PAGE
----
Table 4Multivariable relationship between ACE and peer-violence perpetration for boys and girls in GEAS, Indonesia
      Boys (n = 1,332)Girls (n = 1,642)
      aOR (95% CI) peer-violence (model 1 adjusted for covariates)aOR (95% CI) peer-violence (model 2 adjusted for covariates + gender norms)aOR (95% CI) peer-violence (model 1 adjusted for covariates)aOR (95% CI) peer-violence (model 2 adjusted for covariates + gender norms)
      History of ACE
       0ReferenceReferenceReferenceReference
       11.21 (.60–2.44)1.20 (.60–2.43)1.57 (.79–3.12)1.56 (.79–3.09)
       22.79 (1.46–5.32)
      p ≤ .01.
      2.86 (1.49–5.46)
      p ≤ .001.
      1.50 (.77–2.94)1.49 (.76–2.91)
       32.53 (1.34–4.79)
      p ≤ .01.
      2.51 (1.32–4.75)
      p ≤ .01.
      1.87 (.97–3.60)
      p ≤ 0.1.
      1.82 (.95–3.52)
      p ≤ 0.1.
       4 or more6.95 (3.98–12.12)
      p ≤ .001.
      6.75 (3.86–11.80)
      p ≤ .001.
      5.50 (3.15–9.58)
      p ≤ .001.
      5.37 (3.07–9.37)
      p ≤ .001.
      SDS ≥ median (more unequitable)1.46 (1.09–1.95)
      p ≤ .05.
      1.21 (.87–1.67)
      GST ≥ median (more unequitable).93 (.68–1.25)1.01 (.73–1.40)
      City
       Bandar LampungReferenceReferenceReferenceReference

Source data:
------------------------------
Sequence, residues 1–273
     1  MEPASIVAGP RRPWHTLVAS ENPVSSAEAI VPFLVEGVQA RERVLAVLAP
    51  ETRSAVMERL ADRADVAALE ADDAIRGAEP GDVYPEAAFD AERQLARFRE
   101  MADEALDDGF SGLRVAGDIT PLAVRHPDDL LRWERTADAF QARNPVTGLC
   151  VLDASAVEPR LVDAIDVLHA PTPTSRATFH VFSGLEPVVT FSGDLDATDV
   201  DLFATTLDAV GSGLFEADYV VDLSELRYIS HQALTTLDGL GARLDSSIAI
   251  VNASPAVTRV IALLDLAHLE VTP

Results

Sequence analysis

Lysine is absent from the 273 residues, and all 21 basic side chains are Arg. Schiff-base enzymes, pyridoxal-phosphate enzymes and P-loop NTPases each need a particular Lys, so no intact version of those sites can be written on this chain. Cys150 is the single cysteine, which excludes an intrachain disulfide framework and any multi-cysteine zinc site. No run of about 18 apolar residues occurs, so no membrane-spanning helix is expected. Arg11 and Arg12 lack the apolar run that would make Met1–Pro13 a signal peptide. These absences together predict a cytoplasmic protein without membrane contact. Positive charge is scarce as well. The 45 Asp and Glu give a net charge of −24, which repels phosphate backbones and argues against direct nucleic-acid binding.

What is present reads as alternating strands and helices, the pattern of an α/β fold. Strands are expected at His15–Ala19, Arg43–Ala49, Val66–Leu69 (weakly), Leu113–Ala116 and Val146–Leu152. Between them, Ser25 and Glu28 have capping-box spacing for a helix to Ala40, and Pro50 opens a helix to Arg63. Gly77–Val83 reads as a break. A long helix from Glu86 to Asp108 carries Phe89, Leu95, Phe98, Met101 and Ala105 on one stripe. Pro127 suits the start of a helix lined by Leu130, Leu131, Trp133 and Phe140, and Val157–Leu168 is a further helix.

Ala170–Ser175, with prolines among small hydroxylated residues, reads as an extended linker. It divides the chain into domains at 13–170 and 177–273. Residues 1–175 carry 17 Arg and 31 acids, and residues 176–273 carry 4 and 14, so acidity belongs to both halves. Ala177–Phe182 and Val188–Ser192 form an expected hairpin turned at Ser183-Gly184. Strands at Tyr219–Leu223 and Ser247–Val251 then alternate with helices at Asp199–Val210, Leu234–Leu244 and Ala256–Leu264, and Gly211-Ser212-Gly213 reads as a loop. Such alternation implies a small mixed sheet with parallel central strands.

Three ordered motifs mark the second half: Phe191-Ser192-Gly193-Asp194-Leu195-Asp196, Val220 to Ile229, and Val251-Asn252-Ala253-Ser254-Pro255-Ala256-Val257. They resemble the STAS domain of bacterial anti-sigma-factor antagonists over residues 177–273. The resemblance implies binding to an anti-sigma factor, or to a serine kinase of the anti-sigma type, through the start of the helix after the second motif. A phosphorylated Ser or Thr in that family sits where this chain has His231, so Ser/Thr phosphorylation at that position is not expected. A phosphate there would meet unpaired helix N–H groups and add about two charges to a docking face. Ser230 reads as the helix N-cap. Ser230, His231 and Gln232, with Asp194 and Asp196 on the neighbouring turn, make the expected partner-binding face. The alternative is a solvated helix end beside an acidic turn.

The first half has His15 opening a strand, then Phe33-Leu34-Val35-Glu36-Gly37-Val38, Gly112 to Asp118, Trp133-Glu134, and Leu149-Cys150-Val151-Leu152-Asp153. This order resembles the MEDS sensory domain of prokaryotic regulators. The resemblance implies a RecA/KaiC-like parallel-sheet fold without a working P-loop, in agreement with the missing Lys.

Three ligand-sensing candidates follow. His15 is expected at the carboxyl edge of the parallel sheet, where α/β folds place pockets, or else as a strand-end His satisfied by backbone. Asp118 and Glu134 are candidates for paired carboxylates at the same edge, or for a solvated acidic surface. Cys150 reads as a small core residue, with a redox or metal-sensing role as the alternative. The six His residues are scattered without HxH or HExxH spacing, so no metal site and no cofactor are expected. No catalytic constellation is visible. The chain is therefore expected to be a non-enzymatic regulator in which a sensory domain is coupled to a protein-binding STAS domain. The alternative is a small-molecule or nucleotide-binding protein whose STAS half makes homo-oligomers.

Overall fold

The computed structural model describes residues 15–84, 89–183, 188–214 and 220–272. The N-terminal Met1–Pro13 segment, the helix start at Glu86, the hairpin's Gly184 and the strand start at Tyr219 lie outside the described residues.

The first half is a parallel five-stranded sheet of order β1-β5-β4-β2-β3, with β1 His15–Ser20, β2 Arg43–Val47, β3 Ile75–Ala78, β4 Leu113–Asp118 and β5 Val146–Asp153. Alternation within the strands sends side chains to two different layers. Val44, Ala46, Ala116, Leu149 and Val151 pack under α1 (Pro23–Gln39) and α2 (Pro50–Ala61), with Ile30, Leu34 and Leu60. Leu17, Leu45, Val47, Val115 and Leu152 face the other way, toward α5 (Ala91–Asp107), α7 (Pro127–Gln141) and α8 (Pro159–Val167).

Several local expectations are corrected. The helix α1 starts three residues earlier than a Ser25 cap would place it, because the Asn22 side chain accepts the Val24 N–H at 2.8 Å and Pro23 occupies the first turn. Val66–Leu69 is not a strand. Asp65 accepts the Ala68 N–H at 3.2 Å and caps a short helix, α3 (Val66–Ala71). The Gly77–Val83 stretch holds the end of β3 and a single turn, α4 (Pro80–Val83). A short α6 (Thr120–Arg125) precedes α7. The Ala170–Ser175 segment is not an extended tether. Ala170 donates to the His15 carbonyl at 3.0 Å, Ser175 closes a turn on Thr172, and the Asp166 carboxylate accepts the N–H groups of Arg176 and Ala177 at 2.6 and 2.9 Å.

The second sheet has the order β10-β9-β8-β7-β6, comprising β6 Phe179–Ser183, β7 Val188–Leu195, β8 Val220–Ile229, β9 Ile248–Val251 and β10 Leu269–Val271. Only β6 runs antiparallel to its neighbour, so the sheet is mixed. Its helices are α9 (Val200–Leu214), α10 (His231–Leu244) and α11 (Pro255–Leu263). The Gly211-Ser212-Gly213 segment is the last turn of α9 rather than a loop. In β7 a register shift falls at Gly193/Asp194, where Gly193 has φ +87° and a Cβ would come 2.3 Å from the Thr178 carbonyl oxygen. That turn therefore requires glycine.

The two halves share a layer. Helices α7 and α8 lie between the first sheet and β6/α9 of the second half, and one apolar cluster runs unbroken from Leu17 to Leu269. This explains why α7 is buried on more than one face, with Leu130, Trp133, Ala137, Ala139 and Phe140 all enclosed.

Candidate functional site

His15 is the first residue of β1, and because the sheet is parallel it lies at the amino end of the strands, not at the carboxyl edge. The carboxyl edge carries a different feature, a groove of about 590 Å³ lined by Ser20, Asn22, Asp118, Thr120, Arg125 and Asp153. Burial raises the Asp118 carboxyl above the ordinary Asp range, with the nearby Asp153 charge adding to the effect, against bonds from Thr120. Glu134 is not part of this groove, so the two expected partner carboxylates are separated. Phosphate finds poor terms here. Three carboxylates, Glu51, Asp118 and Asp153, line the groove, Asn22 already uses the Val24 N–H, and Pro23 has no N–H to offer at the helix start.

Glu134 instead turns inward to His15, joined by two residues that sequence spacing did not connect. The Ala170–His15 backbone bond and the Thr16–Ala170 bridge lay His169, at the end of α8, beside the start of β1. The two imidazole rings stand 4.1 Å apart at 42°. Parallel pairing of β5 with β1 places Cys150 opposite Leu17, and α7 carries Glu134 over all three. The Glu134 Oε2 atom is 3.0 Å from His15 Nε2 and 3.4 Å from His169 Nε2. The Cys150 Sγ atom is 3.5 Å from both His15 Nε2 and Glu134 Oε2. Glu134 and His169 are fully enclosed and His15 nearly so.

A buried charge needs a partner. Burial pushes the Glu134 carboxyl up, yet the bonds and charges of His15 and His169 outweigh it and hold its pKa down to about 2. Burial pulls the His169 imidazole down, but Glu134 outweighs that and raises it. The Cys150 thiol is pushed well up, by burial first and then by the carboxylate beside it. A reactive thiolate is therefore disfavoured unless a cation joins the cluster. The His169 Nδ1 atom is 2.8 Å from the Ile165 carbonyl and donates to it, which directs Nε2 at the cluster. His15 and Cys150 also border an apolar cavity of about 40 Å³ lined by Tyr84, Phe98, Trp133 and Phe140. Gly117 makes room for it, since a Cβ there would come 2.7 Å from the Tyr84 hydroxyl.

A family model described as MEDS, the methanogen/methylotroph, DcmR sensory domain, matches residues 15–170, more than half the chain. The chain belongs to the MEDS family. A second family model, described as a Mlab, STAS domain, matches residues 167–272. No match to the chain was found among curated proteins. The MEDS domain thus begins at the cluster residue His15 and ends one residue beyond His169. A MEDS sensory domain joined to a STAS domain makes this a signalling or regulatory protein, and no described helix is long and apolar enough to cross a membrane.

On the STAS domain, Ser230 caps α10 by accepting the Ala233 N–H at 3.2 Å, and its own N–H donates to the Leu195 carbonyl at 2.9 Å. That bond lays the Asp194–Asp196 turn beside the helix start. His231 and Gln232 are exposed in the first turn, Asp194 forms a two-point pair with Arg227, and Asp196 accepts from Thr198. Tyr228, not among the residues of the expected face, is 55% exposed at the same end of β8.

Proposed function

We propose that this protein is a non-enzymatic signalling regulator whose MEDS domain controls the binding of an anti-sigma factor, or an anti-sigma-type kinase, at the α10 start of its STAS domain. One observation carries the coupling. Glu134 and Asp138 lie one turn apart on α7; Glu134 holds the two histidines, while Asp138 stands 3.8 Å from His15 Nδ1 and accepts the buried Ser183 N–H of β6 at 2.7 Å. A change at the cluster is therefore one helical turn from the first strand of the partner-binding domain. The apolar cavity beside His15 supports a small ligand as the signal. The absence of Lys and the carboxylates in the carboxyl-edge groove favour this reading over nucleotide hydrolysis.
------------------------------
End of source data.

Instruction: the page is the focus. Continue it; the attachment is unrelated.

Denpasar.79 (.53–1.16).79 (.53–1.18).74 (.47–1.16).73 (.46–1.14)
       Semarang.99 (.67–1.46)1.03 (.70–1.53)1.13 (.74–1.73)1.12 (.73–1.72)
      Age
       10–12 yearsReferenceReferenceReferenceReference
       13–14 years.99 (.70–1.39).99 (.70–1.39)1.17 (.78–1.75)1.17 (.78–1.75)
      Education attainment: Age expected grade or higher1.23 (.46–3.25)1.19 (.44–3.18).44 (.10–1.92).45 (.10–1.97)
      Wealth index
       Bottom 33 percentileReferenceReferenceReferenceReference
       34th–66th percentile.76 (.53–1.07).75 (.53–1.07).88 (.59–1.30).87 (.59–1.29)
       Top 33 percentile.96 (.66–1.41).94 (.64–1.38)1.13 (.76–1.70)1.13 (.75–1.68)
      Household composition
       No parentsReferenceReferenceReferenceReference
       Single parents.85 (.39–1.86).84 (.39–1.84)1.86 (.71–4.84)1.91 (.73–5.01)
       Both parents.66 (.36–1.21).67 (.36–1.24).88 (.37–2.13).90 (.37–2.16)
      Parent closeness.95 (.62–1.46).94 (.61–1.46).55 (.35–.85)
      p ≤ .01.
      .55 (.35–.85)
      p ≤ .01.
      Parent awareness1.04 (.78–1.39)1.03 (.77–1.38).89 (.63–1.25).88 (.62–1.24)
      Lifetime alcohol use4.25 (2.46–7.32)
      p ≤ .001.
      3.95 (2.28–6.82)
      p ≤ .001.
      2.70 (.78–9.37)2.79 (.81–9.66)
      Lifetime tobacco use3.06 (2.13–4.39)
      p ≤ .001.
      3.05 (2.12–4.40)
      p ≤ .001.
      4.90 (1.68–14.30)
      p ≤ .01.
      4.81 (1.65–14.02)
      p ≤ .01.
      ACE = adverse childhood experience; aOR = adjusted odds ratio; CI = confidence interval; GEAS = Global Early Adolescent Study; GST = gender stereotypical trait; SDS = sexual double standard.
      p ≤ 0.1.
      p ≤ .05.
      p ≤ .01.
      § p ≤ .001.

      Discussion